Numbers to know: How Jimmy Butler will impact 76ers

NBA.com Global on Nov 12, 2018 06:48 AM
Numbers to know: How Jimmy Butler will impact 76ers
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By John Schuhmann, NBA.com

The Philadelphia 76ers are going all-in on winning now, having reportedly agreed to a trade that will send Robert Covington, Dario Saric, Jerryd Bayless and a 2022 second-round pick to Minnesota for disgruntled star Jimmy Butler and injured big man Justin Patton.

The principles, of course, are Butler, Covington and Saric, with Philly dealing two starters for one. The Sixers now have a nominal "Big Three" in Butler, Ben Simmons and Joel Embiid. The question is how well they will fit together.

Here are some numbers of note as we look at the new-look Sixers ...

CLUTCH TIME USAGE

The Sixers already have a primary ballhandler in Simmons. But when the game is on the line, Simmons takes a step backward. In each of the last two seasons, he has seen a drop in usage rate in clutch minutes, in part because he doesn't shoot from outside the paint and doesn't shoot well from the free throw line.

Butler can obviously handle the ball more than Covington and Saric combined. He ranked sixth in the league in clutch usage rate last season, having used 41 percent of the Wolves' possessions while he was on the floor with the score within five in the last five minutes of the fourth quarter or overtime.

Right now, the Sixers' go-to action on big possessions is a two-man game with Embiid and JJ Redick, which is difficult to defend in any situation. Embiid (18) and Redick (15) have taken 33 of the team's 47 shots in the clutch. A weak-side Butler/Simmons pick-and-roll as a secondary option on those plays wouldn't be too bad.

SHOOTING SHORTAGE

Non-clutch possessions are important, too. The Sixers are 8-5 after their overtime win over Charlotte on Friday (Saturday, PHL time), but they've been outscored by seven points over their 13 games. They've seen the league's sixth biggest drop in offensive efficiency, having scored 2.6 fewer points per 100 possessions than they did last season.

Turnovers, as they've always been, are an issue. The Sixers rank 25th in turnover rate, having coughed the ball up 15.6 times per 100 possessions.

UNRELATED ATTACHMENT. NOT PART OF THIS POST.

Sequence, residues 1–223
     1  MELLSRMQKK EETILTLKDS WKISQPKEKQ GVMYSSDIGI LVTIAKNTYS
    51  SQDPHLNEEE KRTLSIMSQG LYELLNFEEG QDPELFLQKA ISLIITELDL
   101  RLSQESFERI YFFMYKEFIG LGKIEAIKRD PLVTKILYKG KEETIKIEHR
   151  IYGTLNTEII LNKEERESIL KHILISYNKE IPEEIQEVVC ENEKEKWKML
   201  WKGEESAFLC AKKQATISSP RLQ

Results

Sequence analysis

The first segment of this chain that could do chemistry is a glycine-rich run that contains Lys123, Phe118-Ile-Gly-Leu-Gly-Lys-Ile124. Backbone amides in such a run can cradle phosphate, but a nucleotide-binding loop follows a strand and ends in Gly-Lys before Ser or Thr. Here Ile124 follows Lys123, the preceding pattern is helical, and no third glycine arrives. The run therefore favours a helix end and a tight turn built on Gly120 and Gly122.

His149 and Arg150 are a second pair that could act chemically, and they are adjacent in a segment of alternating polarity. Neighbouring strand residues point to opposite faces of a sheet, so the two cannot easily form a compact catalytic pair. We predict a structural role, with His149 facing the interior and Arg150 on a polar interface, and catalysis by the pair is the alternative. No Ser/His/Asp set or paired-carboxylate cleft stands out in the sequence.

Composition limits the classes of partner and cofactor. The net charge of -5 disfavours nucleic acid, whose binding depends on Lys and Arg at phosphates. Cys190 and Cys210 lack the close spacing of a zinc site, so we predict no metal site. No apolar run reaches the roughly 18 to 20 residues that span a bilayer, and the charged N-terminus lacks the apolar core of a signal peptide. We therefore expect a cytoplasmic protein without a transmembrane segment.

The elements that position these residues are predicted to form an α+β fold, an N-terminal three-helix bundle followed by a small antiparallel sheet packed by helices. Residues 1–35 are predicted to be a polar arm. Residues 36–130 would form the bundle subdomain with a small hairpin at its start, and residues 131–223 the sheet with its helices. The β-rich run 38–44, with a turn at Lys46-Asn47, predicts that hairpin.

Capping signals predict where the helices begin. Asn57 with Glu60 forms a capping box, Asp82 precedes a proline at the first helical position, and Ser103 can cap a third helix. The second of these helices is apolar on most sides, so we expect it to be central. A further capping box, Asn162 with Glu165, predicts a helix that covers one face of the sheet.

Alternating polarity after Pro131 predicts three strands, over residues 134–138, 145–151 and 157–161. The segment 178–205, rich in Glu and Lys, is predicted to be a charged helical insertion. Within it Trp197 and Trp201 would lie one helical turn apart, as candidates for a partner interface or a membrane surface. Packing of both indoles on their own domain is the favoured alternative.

Shooting is another issue. The Sixers rank 21st in 3-point percentage (33.6 percent), down from 10th last season (36.9 percent).

One big problem is that the Sixers are starting two guards - Simmons and Markelle Fultz - that can't shoot. The two former No. 1 picks have combined to make just 14 shots (on 61 attempts) from from outside the paint through 13 games, and the Sixers have scored just 94.2 points per 100 possessions (6.1 points per 100 possessions worse than the worst offense in the league) with the pair on the floor together.

The Sixers' third point guard, T.J. McConnell, has attempted just two 3-pointers in 127 minutes. So three of the Sixers' top five guards are reluctant to shoot from deep.

Saric's shooting has been bad, too. He was 13-for-56 (23 percent) from 3-point range before making eight of his 14 attempts over the last two games. Still, in regard to shooting, the Sixers gave up more than they got back in the trade.

Covington and Saric led the team in catch-and-shoot 3-pointers last season, with Covington's 189 leading the entire league.

Redick's shooting, combined with his relentless movement, is the more important complement to Simmons and Embiid, but having two forwards who can shoot off the catch has been critical.

Butler (38.8 percent) has actually been a better catch-and-shoot 3-point shooter than both Covington (35.4 percent) and Saric (36.0 percent) over the last two-plus seasons, but not at the same volume, and he's been more likely to be inside the arc when shooting off the catch.

LOSING LENGTH

On the other end of the floor, the Sixers just got smaller. They ranked third defensively last season and rank 10th this season, in part because they're huge, with four starters that are 6-9 (Covington), 6-10 (Saric), 6-10 (Simmons) and 7-0 (Embiid). Covington is now replaced by the 6-8 Butler.

Simmons can surely defend the power forward position, the 6-9 Wilson Chandler is another versatile forward, and the 6-11 Mike Muscala will continue to play some minutes at the four next to Embiid. But the Sixers will lose some of their ability to consistently out-size their opponents.

Butler is a terrific defender when engaged, but so is Covington, who led the league by a pretty comfortable margin in deflections per 36 minutes last season. In his final game with the Sixers, Covington was a big factor in keeping Kemba Walker in check until the fourth quarter on Friday (Saturday, PHL time). (In two games against the Sixers, Walker has shot 8-for-21 with Covington as his primary defender.)

We can't assume that Sixers' roster won't change between now and March. They still have assets they can use to acquire more shooting. Last season, both Marco Belinelli and Ersan Ilyasova were signed after post-deadline buyouts and gave the team a big lift on the offensive end of the floor.

John Schuhmann is a staff writer for NBA.com. You can e-mail him here, find his archive here and follow him on Twitter.

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